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Simplicity in Opioid Disposal Can Reduce Risk
A Mailed, At-Home Opioid Disposal Kit Improved the Likelihood of Patient-Reported Opioid Disposal Following Surgery
The opioid epidemic continues to take a heavy toll on the nation. One upstream strategy to help reverse it focuses on the safe disposal of prescribed opioids left over after a prescription is no longer needed. Accounting for up to 70% of opioids prescribed following common surgeries, these pills sit in cabinets or on countertops, posing a potential risk to the patient, their family or loved ones, and the broader community. Extra opioids can contribute to prolonged use, future misuse, and community diversion, all of which contribute to the overarching epidemic.
We examined the potential of mailing a simple, low-cost ($1.50/patient), at-home opioid disposal kit to improve opioid disposal rates following common surgeries. The DisposeRx kits are roughly the size of a ketchup packet and contain a powder that renders medications unusable when mixed with water according to directions.
As we recently reported in JAMA Network Open, we conducted a randomized controlled trial comparing mailed disposal kits to usual care. Usual care comprised a text message reminder to dispose of leftover opioids accompanied by a link to nearby disposal “take-back” sites.
We followed the 302 patients in the trial by tracking the data that they entered—on levels of pain, opioid use, and opioid disposal—into an automated post-operative text messaging program developed by our team. We found that while 42.7% of usual care patients reported disposal, 60.0% of patients mailed an at-home kit reported disposal, resulting in the disposal of approximately 500 extra pills.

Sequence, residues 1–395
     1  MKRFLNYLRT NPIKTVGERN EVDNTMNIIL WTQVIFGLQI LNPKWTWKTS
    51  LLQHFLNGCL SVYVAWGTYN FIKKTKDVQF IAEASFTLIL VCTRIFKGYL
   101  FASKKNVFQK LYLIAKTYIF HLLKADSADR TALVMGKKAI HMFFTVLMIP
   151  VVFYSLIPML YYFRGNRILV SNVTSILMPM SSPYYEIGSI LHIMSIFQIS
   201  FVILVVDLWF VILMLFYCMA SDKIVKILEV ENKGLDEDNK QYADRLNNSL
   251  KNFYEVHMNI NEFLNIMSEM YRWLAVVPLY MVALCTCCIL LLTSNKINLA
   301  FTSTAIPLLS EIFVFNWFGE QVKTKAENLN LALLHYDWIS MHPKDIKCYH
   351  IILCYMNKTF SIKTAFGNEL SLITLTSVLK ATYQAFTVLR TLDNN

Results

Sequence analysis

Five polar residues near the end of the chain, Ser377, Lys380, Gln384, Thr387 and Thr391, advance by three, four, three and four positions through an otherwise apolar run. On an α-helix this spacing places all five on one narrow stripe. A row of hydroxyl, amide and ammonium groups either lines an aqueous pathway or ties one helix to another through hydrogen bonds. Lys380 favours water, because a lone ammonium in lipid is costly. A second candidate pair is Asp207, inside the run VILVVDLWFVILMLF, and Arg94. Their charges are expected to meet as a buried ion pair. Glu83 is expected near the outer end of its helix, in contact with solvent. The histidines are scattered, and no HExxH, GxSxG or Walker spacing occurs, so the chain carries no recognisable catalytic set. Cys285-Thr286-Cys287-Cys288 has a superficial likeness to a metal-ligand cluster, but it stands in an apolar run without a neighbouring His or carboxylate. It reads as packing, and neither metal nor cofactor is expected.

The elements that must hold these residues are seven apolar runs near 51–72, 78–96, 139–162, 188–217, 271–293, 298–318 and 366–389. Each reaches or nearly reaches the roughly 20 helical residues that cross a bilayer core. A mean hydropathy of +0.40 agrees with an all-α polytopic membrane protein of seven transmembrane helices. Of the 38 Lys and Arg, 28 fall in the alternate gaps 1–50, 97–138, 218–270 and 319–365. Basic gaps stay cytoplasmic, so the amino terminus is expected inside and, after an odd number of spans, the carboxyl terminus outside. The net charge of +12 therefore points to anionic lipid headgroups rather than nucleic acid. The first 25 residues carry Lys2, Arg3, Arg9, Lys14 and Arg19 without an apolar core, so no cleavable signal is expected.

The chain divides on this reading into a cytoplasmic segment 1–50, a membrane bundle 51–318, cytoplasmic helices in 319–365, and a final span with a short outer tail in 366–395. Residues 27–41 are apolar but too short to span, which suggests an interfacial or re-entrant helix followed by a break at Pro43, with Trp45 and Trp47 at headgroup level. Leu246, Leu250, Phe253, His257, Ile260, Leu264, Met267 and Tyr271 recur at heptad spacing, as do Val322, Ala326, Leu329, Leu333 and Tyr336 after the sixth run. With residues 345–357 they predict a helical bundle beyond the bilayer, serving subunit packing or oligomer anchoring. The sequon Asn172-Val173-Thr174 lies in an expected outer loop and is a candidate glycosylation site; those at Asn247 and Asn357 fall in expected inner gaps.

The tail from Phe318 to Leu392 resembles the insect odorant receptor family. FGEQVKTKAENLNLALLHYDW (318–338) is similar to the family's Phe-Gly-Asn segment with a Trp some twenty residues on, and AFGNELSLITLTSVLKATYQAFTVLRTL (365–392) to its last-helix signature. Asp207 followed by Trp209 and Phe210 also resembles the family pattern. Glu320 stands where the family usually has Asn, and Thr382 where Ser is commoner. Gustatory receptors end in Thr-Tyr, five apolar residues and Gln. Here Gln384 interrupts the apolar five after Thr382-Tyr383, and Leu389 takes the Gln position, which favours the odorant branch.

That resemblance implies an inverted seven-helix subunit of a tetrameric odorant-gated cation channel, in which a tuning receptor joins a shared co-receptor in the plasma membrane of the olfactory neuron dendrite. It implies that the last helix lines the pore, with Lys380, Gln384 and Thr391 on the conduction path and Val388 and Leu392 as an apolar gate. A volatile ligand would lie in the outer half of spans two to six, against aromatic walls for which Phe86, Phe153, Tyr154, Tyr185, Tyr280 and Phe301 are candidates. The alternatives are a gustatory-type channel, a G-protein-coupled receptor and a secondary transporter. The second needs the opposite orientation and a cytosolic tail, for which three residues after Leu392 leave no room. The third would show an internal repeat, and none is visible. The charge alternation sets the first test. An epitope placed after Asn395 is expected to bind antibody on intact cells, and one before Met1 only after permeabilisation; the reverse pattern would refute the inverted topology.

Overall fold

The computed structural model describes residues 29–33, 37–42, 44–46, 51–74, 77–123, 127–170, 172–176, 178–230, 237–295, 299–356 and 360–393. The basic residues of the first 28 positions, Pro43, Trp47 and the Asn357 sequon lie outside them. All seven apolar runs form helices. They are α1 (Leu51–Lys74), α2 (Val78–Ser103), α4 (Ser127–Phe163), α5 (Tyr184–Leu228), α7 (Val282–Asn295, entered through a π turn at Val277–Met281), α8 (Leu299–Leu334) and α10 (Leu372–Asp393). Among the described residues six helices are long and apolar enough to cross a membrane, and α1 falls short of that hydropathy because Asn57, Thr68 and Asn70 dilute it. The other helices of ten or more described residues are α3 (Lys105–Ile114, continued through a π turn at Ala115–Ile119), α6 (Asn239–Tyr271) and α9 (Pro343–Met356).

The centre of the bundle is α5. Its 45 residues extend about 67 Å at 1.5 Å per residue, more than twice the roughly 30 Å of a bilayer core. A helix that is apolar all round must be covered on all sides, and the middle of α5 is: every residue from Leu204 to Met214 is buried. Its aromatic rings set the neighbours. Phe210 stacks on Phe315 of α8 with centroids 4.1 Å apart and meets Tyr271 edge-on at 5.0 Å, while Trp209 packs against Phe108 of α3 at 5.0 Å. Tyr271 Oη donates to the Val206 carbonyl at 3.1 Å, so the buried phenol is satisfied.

As clinicians and health systems attempt to “right-size” opioid prescribing to adequately address pain while not overprescribing, efforts that encourage opioid disposal are equally important. Current disposal options all have drawbacks that deter disposal:
- “Opioid drop boxes” and secure facilities—often at pharmacies—offer patients a place where they can physically bring back their opioids. However, this requires patients to remember to dispose of their unused opioids, find a site, and travel to the site.
- Mail-back programs—such as the program that the FDA is exploring—allow patients to mail opioids from their homes in prelabeled packaging. These programs seem promising but pose potential risks for diversion.
- Flushing unused medications or throwing them in the trash can also be used for disposal. The FDA has posted information on using the toilet to flush medication on its website, however, flushing medications or disposing of them in the trash raises environmental concerns.
Our findings suggest that the mailed at-home disposal kits provide a simple method that could help motivate patients to dispose of unused opioids following surgery. Timing the kits’ arrival may also play a key role in their success. Our prior work showed that following common surgeries, patients often finish using opioids around post-operative day four, and kits arriving at this point can act as a convenient disposal reminder.
As the FDA considers mail-back programs and other potential new avenues for disposal, our work highlights the need to make the “right decision the easy decision” for patients.
The study, Effect of Mailing an At-Home Disposal Kit on Unused Opioid Disposal After Surgery: A Randomized Clinical Trial, was published in the May 6, 2022, issue of JAMA Network Open. Authors include Anish K. Agarwal, Daniel Lee, Zarina Ali, Yaxin Wu, Mary Cognilio, Tanya Uritsky, M. Kit Delgado.
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